Week 4: Week of Feb. 9, 2015 Air pollution

In-class Exercise

Week 5: Week of Feb. 16, 2015

Exam 1 (Tuesday Feb. 17, 2015)

Water pollution

Week 6: Week of Feb. 23, 2015

Environmental valuation: Revealed Preference Environmental valuation: Stated Preference

Week 7: Week of Mar. 2, 2015

Case studies for Contingent Valuation Cost estimation

Week 8: Week of Mar. 9, 2015

Discounting and dynamic efficiency Tragedy of the commons

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Week 9: Week of Mar. 16, 2015 Spring Recess

Week 10: Week of Mar. 23, 2015

Exercise

Resource rents: agricultural and water market

Week 11: Week of Mar. 30, 2015

Exam 2 (Tuesday Mar. 31, 2015)

Renewable resources: Fisheries

Week 12: Week of Apr. 6, 2015

Renewable resources: Forest Non-renewable resources

Week 13: Week of Apr. 13, 2015

Land use and environmental amenity Environmental justice

Week 14: Week of Apr. 20, 2015

Project Presentation

Week 15: Week of Apr. 27, 2015

Project Presentation

Week 16: Week of May 4, 2015

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Guidelines for Economic Analysis Project

Due: Friday, April 17th

This project includes 1) a brief report analyzing the economics of the policy question, and 2) project presentation at the end of the semester.

Imagine now you are a consulting analyst to evaluate the environmental policies. For the topic, you can either select one of the following policies or decide your own. Keep in mind that the purpose of the project is to provide the ECONOMIC evaluation of environmental policies using the tools we learned from the course. The report should be no more than 5 double spaced pages. You need to have an abstract (around 100 words) that lays out your key findings.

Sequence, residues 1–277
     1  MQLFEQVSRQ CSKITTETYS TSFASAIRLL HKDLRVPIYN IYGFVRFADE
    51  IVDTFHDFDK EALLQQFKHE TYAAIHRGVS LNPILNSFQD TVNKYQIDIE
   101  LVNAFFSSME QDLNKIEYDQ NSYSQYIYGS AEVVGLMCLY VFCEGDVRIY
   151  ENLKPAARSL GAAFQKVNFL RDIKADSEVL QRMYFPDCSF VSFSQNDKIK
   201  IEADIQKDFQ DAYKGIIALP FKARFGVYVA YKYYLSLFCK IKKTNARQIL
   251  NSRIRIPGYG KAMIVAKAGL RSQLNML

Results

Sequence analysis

The potential topics include:

1. In 2003, EPA launched the NOx Budget Trading Program that is similar in spirit to the successful sulfur dioxide emissions trading program. Analyze the economics of this program.

http://www.epa.gov/airmarkt/progsregs/nox/sip.html

2. Since 2005, Bering Sea and Aleutian Islands (BSAI) crab fisheries have been managed under the Crab Rationalization Program with a core component of Individual fishing quota system. Evaluate the success of the rationalization program in restoring economic efficiency to Alaskan crab fisheries.

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3. Analyze the economics of the Bush administration proposal to allow drilling in the Alaskan National Wildlife Refuge (ANWR).

http://edition.cnn.com/2008/POLITICS/07/14/bush.offshore/index.html

4. In February 2003, London began charging a 10 £ congestion toll for most motor vehicles traveling in central London. Analyze the economics of this congestion toll. You may want to compare the economic properties of this toll to other alternative congestion policies.

5. Follow the example in the class to design a contingent valuation.

You are expected to present the project individually. The presentation can include, but not restricted to, the main objective of your project, the model you use, and the main findings. You can and should use slides containing subsections, bullets, and other tools to make the key points immediately clear to your audience.